Users have been complaining quite often that although the coolers for CPUs and graphics accelerators manufactured by Thermalright, Inc. have always been pretty good, they are expensive and do not come bundled with any fans. And what do you think has happened? Thermalright cut the Gordian knot and launched their own 120 mm fan production line (or bought the already existing line, it doesn’t really matter). Now you can buy four Thermalright branded fans of the same model, but with different rotation speeds.
These fans are shipped in cardboard boxes with a small cut-out window in the front of the box that reveals the sticker on the fan spindle. These boxes are so small that it is really tricky to get the fans out, because they sit there very tightly.
However, the boxes are covered with all sorts of info: anything you might want to know about the fans inside (except the benchmark results, of course) is there. The fans do not have any accessories with them – just the fan and the box. Thermalright TR-FDB fans are made in China and come with 3-year warranty.
Thermalright fans look very plain, just like their packaging: black frame and flack fan blades with a little sticker in the middle:
The fan measures 120x120x25 mm and weighs 156 g. Each fan has 7 blades and a rotor with 48 mm diameter. The supporting rods holding the fan and the motor are oval-shaped and pretty thin (minimal diameter is only 4 mm). The only exception is the rod with a hollow groove for the cable inside it:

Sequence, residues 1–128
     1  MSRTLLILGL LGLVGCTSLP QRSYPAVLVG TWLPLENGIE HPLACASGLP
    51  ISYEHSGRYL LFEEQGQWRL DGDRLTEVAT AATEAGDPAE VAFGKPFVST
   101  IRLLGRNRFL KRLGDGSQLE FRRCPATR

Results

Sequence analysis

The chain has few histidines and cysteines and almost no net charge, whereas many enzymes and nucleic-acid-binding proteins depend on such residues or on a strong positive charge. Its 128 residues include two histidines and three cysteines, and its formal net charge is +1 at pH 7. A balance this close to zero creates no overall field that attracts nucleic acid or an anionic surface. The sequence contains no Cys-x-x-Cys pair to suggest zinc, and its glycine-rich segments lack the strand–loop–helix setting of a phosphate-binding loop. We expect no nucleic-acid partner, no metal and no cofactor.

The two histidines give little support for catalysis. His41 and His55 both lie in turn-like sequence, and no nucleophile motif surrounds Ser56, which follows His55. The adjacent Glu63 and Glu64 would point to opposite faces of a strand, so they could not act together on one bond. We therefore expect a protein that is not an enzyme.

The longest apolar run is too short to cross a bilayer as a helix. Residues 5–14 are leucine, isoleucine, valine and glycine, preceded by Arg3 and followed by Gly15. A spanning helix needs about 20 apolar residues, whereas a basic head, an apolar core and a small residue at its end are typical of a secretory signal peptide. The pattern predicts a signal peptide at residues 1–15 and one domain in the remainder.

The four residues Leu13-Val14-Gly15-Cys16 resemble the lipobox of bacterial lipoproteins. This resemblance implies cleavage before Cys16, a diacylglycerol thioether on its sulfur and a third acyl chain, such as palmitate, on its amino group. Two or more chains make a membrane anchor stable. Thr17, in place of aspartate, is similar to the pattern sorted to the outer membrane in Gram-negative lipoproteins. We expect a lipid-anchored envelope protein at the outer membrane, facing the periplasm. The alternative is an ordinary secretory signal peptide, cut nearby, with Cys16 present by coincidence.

The gap between the tip of the fan blade and the inside of the frame is less than 1.5 mm. The blades are relatively thick and wide and look somewhat like shovel heads:
According to the specifications, Thermalright TR-FDB fans work at 1000, 1300, 1600 and 2000 RPM (±10 %). They should create airflow of 38.9 (just like Nexus Basic), 50, 63.7 and 80.5 CFM. Fans static pressure is not mentioned and the level of noise is declared not to exceed 15.8, 24.1, 28 and 38 dBA.
Thermalright TR-FDB fans are built on the same type of bearings as Scythe S-FLEX. They are called FDB (Fluid Dynamic Bearing). This suggests that they should be pretty quiet. At the same time, the bearings in Thermalright fans should last only 60,000 hours, which is 2.5 times less than the bearings by S-FLEX can do. On the other hand, these bearings will serve you well for over 7 years, which in my opinion is more than enough.
The power consumption of all four fan models is the same – they require 10.8-13.2 V voltage, 0.13 A current and 1.56 W of power. However, according to the information on the rotor stickers, this current value is only valid for two junior models with 1000 and 1300 RPM rotation speeds:
If we calculate the power consumption for two top fan models, it will make about 2.4 W for 1600 RPM solution and 4.44 W for 2000 RPM solution. The startup voltage for these fans is declared at 7 V. Their recommended retail price is between $11-$15 depending on the model.
Now let’s check out the results:
First of all, I have to say that Thermalright TR-FDB fans turned out different levels of noise and overall unstable solutions. For example, 1300 and 1600 RPM models working at the same speed sounded almost equally (1300 RPM one was a little quieter), while the 1000 RPM model was slightly louder. As for the 2000 RPM model, it was the noisiest of all Thermalright solutions because its bearing produced a distinct crackling sound. Note that none of the other Thermalright fans suffered from crackling of any kind. And when we increased the fan rotation speed, the noise levels changed abruptly, which indicated instability (true for the top models only). Nevertheless, this didn’t prevent Thermalright TR-FDB fans from becoming ones of the best in airflow despite modest exterior and simplistic-looking blades. In addition, these fans consume very little power and start at 3.6 V, except the 1000 RPM model that has a startup voltage of 8.1 V.